'Craft In America: Teachers'
(DVD / NR / 2016 / PBS)
Overview: CRAFT IN AMERICA, the award-winning documentary series, is a journey to the artists, objects, techniques, and origins of American craft. 'Teachers' highlights the renowned individuals who are equally committed to their own artistic visions and to sharing their skills and passion for craft with students and artists of all ages.
DVD Verdict: We all grew up, at school, with teachers. Well, ok, maybe you were homeschooled and had a parent teach you, but that still counts. Or maybe there was no school for you, but in your first job you were instructed on how to do said job - that counts also, for Teachers come in all shapes and sizes (quite literally) and so this brand new 'Craft In America: Teachers' documentary from PBS is a rather delightful look into these selfless people.
Concentrating on four just-so Teachers, Navajo weavers Barbara Teller Ornelas and her sister, Lynda Teller Pete, learned the craft of weaving by observing family. Join the Teller sisters as they teach at Idyllwild Arts Native American Arts Program and outdoors amidst the natural beauty of Canyon de Chelly, Arizona, the ancestral home of the Navajo people, where weaving is a way of life.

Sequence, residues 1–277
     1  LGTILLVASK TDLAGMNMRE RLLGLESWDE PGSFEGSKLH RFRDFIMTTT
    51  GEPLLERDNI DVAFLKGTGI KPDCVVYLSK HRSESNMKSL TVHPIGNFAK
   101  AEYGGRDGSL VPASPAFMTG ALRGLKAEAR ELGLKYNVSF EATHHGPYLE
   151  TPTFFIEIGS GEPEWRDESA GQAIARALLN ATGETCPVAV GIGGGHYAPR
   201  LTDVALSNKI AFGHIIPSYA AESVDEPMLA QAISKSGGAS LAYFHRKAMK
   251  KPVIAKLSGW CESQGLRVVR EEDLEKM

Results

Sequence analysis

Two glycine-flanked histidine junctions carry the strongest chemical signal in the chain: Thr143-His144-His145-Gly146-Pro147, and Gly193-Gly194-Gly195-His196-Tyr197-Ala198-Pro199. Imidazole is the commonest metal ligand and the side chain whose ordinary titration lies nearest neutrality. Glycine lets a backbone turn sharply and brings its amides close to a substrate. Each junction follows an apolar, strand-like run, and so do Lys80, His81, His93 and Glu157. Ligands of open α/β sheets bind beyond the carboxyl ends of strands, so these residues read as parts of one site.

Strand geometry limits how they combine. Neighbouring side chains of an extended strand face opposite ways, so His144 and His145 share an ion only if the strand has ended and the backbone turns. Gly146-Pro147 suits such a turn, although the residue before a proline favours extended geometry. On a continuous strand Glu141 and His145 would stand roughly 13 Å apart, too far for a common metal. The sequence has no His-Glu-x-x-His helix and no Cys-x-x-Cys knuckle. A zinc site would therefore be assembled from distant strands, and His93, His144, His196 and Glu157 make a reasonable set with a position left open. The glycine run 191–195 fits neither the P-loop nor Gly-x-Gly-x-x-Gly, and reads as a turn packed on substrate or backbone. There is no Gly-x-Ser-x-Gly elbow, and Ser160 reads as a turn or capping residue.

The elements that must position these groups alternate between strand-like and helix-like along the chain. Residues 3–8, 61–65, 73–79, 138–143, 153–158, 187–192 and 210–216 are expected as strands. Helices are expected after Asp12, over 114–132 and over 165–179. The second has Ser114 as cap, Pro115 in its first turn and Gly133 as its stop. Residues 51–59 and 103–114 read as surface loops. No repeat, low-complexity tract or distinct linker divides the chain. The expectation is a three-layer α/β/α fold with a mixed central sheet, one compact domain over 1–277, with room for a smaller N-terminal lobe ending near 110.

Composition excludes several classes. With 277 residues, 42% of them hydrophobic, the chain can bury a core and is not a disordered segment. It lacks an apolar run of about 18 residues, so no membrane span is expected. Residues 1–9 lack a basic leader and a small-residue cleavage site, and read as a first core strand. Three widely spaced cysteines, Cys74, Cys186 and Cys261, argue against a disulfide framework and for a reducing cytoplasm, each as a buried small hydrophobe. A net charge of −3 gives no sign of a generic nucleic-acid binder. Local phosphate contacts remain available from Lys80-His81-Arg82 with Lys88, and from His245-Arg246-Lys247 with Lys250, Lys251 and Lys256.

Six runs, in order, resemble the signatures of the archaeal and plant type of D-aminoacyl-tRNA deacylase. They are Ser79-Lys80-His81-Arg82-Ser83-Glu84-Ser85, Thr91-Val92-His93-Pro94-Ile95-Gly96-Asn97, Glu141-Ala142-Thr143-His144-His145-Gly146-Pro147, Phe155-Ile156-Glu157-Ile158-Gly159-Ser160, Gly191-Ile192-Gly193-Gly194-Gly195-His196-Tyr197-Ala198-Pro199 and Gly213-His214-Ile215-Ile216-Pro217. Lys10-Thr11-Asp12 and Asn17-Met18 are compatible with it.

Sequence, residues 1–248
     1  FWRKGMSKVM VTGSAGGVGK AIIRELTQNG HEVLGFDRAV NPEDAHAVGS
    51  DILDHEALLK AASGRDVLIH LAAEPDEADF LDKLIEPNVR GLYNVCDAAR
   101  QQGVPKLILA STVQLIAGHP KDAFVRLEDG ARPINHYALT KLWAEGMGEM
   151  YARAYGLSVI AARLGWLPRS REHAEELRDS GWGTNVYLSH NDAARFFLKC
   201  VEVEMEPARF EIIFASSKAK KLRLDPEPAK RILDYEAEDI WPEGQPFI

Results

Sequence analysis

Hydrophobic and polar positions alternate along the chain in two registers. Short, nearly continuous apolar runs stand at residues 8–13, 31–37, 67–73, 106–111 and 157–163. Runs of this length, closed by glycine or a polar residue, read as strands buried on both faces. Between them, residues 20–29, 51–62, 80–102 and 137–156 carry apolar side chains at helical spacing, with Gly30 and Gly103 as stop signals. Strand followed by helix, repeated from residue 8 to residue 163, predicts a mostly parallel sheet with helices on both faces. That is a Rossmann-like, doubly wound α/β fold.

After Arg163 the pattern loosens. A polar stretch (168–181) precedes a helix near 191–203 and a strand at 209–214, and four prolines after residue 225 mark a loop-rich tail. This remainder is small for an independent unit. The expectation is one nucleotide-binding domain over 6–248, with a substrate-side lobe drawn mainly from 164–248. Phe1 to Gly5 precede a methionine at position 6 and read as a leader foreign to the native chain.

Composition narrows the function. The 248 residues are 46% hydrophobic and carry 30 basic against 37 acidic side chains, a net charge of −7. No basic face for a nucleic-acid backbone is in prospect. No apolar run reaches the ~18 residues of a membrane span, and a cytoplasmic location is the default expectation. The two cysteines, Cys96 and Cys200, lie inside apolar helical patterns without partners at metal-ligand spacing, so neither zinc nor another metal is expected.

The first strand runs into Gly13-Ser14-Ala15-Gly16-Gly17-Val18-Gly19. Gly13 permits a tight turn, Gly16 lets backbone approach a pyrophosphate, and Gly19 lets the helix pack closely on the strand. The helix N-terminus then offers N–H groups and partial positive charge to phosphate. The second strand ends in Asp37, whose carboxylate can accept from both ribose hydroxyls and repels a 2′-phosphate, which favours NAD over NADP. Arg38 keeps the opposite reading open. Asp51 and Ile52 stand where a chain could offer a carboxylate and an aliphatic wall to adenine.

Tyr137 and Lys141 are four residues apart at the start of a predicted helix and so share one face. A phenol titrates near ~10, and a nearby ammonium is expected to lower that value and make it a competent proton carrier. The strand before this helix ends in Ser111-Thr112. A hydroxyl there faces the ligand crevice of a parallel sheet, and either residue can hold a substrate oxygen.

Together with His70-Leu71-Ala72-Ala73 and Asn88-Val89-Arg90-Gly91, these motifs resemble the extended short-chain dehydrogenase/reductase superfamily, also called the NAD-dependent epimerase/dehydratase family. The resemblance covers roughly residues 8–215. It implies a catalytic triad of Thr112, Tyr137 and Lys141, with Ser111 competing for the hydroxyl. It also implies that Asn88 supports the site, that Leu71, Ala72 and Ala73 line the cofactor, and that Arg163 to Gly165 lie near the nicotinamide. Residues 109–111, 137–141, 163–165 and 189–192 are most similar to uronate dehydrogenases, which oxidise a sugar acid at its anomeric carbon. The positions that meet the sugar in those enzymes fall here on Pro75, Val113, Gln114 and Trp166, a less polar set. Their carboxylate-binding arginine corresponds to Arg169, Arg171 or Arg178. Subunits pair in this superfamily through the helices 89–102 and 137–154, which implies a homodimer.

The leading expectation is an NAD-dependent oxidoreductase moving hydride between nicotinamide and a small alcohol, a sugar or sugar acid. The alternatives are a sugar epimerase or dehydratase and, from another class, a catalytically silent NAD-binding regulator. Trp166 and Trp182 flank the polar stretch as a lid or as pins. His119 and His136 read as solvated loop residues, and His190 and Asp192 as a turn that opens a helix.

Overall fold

In Honolulu, Hawaii, artist Mark Mitsuda introduces professional glass forming techniques to his students at Punahou School. Watch as Mitsuda makes objects of utility, which he finds carry meaning for his students as he teaches the craft of glassblowing.
In Omaha, Nebraska, Therman Statom, a major figure of the Studio Glass Movement, decided to start programs for underserved students. Witness the excitement of Therman's class at the Hot Shops Art Center as he demonstrates how art and glass blowing inspire youth.
And finally, Alfred. For New York is home to Alfred University, School of Art and Design. Here, students perfect their craft and learn to become professional artists. Watch as Professor Linda Sikora describes the College of Ceramics graduate program, where conceptual thinking elevates the approach to clay. This is a Widescreen Presentation (1.85:1) enhanced for 16x9 TVs.